In a low interest rate environment, many investors are turning to equity dividends as an attractive alternative, but maybe not for much longer.
Fund manager the Henderson Group said the amount paid out in dividends across global stock markets in the third quarter was down 4.0% year-on-year.
Stripping out the effects of one-off special dividends, the picture was not so bad, with an underlying decline of 0.3%. The amount paid out in special dividends was down 3.2% from a year earlier, with North American companies, in particular, proving to be more parsimonious this year.
In North America, the total value of special dividends paid out was down 8.5% from a year earlier, contributing significantly to a 7.1% fall in dividend pay-outs. Strip out the special dividends, and North American companies actually paid out 2.8% more in dividends than in the third quarter of 2015, giving the continent the fastest dividend growth rate compared to emerging markets (-7.7%), Europe excluding the UK (+1.1%), UK (-2.9%), Asia Pacific excluding Japan (+0.5%), and Japan (+1.4%).
US pay-outs fell 7.0% from a year earlier to US$100.4bn, mainly as a result of lower special dividends, and although the underlying picture (i.e. excluding special divis) painted a better picture, with growth of 3%, this was the slowest growth rate ever recorded by Henderson’s Global Dividend Index.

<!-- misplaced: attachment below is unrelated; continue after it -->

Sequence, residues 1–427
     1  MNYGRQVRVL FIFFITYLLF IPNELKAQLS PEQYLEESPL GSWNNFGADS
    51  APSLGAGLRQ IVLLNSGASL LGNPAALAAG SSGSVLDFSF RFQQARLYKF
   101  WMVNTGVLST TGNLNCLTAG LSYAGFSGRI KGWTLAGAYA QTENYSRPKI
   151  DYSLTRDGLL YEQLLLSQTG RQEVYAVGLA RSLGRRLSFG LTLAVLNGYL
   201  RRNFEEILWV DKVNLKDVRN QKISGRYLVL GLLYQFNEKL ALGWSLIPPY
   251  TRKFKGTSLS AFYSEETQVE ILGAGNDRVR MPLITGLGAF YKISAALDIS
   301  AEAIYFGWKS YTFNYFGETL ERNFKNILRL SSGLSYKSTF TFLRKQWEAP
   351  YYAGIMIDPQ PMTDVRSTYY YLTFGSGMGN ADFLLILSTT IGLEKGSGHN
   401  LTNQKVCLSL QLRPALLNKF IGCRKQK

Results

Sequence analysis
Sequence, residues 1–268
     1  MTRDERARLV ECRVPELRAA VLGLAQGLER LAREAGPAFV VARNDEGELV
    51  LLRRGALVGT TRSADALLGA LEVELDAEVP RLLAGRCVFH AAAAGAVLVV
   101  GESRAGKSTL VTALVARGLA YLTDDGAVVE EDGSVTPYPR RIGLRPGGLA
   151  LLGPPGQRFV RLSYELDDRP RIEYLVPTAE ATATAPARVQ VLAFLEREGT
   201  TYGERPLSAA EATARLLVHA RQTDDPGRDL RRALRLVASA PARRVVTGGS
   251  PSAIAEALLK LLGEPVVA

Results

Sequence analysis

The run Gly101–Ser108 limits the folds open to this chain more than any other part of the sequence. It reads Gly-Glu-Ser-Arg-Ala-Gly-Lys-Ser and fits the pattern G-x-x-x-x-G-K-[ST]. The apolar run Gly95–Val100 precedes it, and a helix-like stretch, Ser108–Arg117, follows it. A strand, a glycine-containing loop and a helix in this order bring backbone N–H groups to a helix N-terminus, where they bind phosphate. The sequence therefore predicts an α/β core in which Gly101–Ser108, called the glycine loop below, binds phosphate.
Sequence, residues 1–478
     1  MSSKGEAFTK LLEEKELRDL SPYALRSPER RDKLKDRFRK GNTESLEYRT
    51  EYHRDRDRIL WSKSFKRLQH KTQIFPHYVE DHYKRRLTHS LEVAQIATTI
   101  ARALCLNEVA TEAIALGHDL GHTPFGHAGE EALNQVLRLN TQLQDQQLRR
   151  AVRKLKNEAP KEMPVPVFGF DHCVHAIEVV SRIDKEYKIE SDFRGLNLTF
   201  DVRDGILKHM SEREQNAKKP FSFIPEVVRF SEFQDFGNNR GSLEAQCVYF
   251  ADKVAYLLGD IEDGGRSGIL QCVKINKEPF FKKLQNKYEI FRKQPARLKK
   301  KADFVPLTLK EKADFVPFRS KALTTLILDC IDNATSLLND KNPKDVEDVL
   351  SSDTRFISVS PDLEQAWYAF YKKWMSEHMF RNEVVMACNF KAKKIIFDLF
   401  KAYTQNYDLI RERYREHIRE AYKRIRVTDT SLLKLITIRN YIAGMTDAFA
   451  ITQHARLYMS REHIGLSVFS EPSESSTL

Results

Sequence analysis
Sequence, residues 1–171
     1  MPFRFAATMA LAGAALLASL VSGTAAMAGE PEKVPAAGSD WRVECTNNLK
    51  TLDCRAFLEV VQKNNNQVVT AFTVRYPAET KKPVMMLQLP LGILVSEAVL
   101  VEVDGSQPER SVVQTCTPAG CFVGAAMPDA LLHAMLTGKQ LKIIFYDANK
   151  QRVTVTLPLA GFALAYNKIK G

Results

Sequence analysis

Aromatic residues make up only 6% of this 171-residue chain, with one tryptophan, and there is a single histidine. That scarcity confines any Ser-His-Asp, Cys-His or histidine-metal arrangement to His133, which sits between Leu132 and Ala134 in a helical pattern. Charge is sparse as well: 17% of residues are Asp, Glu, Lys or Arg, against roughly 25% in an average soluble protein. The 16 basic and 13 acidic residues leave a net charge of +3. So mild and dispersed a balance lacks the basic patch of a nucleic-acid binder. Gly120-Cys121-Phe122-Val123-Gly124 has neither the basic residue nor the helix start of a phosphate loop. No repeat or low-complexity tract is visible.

Henderson noted US dividend growth has been decelerating for just over a year. The slowdown reflects more pedestrian profit growth stateside, with the strength of the dollar taking its toll, while Henderson believes mounting debt also suppressed pay-outs.
“The United States has been the engine of global dividends in the last two years, so the slowdown here helps largely explain the loss of momentum in dividend growth at the global level,” Henderson said.
Exxon Mobil Corporation (NYSE:XOM), Apple Inc (NASDAQ:AAPL), AT&T Inc (NYSE:T) and Microsoft Corporation (NASDAQ:MSFT) remained the top payers in the US, splashing out US$11.9bn in aggregate, which was a cool billion bucks more than in the same period of last year.
AT&T’s dividend distribution increased the most, partly because it now has to pay dividends on the stock it issued in its takeover of DirecTV.
In Canada, dividends fell for the twelfth consecutive quarter, mainly because Canadian companies left Henderson’s dividend index, reflecting Canada’s weak currency, which effectively devalued the market capitalizations of Canadian companies.
Canada showed decent underlying dividend growth of 0.7%, with healthy increases from banks offsetting stingier payments from energy companies, Henderson said.
“The outlook for dividend growth in the final quarter of 2016 is more uncertain than normal due to volatile currency market conditions,” Henderson concluded.
“Though we don’t attempt to forecast exchange rates, they could affect the final total by several billion dollars. It is in such time that thinking globally for income can really help investors mitigate risks concentrated in their own markets,” Henderson advised.
Story by ProactiveInvestors